not applicable
Topics: Investment, Rate of return, Generally Accepted Accounting Principles, Profit / Pages: 4 (1009 words) / Published: Sep 25th, 2014

Gb519 Case Study Wk 1
Unit One: Case Study (MIP)

Kaplan University – GB519 Measurement and Decision Making
March 2010

What is the ROI for MIP based on original estimates?
• Operating assets ( development costs were $140 million
• Sales ( annual operating income was expected to be approximately $25 million
ROI for MIP = 25 million / 140 million = .18%

What is the ROI if Richard Lawrence’s new revenue projects are used?
• likely generate operating income of just $17.5 million per year
ROI for MIP with new figures = 17.5 million / 140 million = .13%

Elaine feels pressure to deliver “good news” to Blake. What advice would you give to her? Given the possible personal financial rewards that Elaine may enjoy if GSM goes public, would your advice change?
The truth in the figures is exactly what Elaine should be showing to Blake. Although the numbers are less than satisfactory to Blake and his expectations, the numbers are the numbers and should be reported appropriately. It would prove Elaine less than assertive and capable of doing her new job if she sugar coated the news. Managers and executives require solid information in order to make sound decisions.
What responsibilities does Elaine have to other GSM employees, the board of directors, and the venture capitalists?
Elaine’s duty is to report to Blake. However, this is information that also affects all those involved with the possibility of MIP going public. Because of this, Elaine should share this information with all pertinent management at MIP. If she knows information that MIP is not doing as well as everyone thinks, she has an ethical responsibility to do the right thing and share this information.
Briefly examine the differences between ROI, Residual Income, and EVA. Is ROI the best technique to apply in this particular scenario? Why or why not?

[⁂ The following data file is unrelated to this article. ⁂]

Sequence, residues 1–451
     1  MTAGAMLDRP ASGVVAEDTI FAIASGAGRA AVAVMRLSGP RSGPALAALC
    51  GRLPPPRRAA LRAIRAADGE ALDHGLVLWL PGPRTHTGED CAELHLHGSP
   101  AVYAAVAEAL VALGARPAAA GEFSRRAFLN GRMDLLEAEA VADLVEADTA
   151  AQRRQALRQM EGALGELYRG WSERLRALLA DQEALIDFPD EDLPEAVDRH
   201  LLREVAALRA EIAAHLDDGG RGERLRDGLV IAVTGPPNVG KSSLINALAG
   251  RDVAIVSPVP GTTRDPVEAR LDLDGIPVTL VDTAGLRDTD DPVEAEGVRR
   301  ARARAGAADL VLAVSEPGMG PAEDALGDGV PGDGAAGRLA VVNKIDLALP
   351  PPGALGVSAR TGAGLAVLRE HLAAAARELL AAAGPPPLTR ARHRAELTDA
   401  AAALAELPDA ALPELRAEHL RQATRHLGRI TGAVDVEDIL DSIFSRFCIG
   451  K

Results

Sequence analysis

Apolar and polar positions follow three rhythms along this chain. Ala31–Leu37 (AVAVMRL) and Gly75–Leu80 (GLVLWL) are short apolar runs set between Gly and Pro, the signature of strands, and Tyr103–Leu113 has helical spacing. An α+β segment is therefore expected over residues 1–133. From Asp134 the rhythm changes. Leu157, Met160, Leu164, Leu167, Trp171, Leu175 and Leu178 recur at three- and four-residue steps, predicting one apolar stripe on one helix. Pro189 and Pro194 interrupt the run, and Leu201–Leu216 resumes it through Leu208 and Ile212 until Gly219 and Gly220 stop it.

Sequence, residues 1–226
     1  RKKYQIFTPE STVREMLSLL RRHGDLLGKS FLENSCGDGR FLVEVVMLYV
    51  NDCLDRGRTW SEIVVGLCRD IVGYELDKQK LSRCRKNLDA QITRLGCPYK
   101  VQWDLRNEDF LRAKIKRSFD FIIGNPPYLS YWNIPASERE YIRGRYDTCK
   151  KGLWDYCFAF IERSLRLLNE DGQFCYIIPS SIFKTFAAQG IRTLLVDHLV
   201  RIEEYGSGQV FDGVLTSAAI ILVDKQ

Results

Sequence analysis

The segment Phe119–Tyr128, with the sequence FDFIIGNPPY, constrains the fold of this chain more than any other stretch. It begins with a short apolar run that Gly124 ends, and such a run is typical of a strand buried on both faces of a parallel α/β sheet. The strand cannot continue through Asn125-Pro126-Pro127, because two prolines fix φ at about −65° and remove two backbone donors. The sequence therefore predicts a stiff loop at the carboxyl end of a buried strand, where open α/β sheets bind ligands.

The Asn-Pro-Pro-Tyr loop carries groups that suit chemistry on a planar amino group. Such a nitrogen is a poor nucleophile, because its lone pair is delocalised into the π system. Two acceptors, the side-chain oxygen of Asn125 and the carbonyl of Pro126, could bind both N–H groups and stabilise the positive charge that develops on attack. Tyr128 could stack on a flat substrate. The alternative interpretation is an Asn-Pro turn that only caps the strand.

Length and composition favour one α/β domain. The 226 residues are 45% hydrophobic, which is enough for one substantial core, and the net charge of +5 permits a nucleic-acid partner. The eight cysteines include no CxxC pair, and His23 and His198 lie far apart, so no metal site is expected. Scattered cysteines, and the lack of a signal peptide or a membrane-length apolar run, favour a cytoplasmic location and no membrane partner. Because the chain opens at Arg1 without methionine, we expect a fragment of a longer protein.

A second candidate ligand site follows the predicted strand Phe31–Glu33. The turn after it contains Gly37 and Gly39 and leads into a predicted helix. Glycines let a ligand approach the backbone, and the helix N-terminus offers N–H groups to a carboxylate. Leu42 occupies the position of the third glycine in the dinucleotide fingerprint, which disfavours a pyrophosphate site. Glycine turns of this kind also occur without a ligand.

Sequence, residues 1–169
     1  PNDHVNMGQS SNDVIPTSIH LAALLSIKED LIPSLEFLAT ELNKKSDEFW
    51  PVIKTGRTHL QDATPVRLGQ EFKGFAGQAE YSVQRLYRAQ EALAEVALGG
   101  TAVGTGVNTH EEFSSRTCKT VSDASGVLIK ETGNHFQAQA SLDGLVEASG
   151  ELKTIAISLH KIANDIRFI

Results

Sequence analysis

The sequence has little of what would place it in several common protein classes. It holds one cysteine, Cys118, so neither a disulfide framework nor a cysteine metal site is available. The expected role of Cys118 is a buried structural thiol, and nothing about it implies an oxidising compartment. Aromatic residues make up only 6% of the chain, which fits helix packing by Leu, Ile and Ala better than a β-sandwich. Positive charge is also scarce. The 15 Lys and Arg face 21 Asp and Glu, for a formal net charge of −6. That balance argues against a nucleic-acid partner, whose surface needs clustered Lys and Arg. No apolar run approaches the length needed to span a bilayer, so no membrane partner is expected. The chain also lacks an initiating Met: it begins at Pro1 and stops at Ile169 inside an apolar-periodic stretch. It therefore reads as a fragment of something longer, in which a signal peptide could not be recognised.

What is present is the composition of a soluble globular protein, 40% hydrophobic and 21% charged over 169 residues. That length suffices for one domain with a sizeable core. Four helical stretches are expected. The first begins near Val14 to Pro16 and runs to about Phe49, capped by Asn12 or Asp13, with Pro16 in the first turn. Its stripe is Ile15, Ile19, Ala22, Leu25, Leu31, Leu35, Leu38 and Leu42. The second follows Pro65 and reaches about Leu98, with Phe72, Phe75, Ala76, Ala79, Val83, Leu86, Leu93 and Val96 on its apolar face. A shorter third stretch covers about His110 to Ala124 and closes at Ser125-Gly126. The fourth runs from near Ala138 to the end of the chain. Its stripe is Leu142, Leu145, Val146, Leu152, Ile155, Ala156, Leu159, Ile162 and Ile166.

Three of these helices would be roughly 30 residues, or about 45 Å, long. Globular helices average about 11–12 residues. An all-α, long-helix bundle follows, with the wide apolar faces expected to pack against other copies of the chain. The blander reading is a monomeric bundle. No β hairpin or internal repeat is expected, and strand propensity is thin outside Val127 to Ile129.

Return on Investment (ROI) measures the rate of return generated by an investment center’s assets. The use of ROI has some

References: Jackson, S., Sawyers, R., Sweeney, D., & Adnderson, D. (2008). Managerial Accounting and Statistics. Mason: Cengage Learning. Appendix I Chapter 1: Case 53 Elaine Shumate has been working for GSM, a pharmaceutical research company, for more than seven years. It is her first job since finishing her graduate work in molecular biology and her performance evaluations have been exemplary. She has received increasing responsibility as opportunities have become available at GSM. Unfortunately, her knowledge and experience have not prepared her for the situation she currently faces. GSM has invested heavily in a molecular identification process (MIP) that the company’s top management believes holds tremendous promise for the future. If all goes well, the company plans to patent the process and license the process to large pharmaceutical companies for their use in medication production. Elaine is the lead manager on MIP and she is worried that the latest research results do not look as promising as earlier results. The vice president of research, Blake Walton, has asked Elaine to meet with him to discuss the results. After a brief discussion in the hallway, Blake suggests that Elaine take another look at the latest results. He doesn’t believe that her interpretation of the data is correct. In preparing for their meeting, she looked over the company’s earlier cost estimates and operating income projections for the project. Records indicate that the estimated research and development costs were $140 million and annual operating income was expected to be approximately $25 million. Given the latest results, MIP may have fewer applications in the pharmaceutical industry than originally believed. Elaine spoke with Richard Lawrence, vice president of sales, to get an updated estimate of the potential market value for MIP. Richard suggested that MIP would likely generate operating income of just $17.5 million per year if the recent results hold up after further testing. Elaine knows that Blake is not going to be happy with this news. Blake is scheduled to meet with the company’s board of directors next week to discuss the need for additional investment capital from venture capitalists in the next year and the company’s plans for a public stock offering in the next several years. Elaine stands to benefit substantially from stock options if the company goes public. GSM’s future may ride on the outcome of that meeting.

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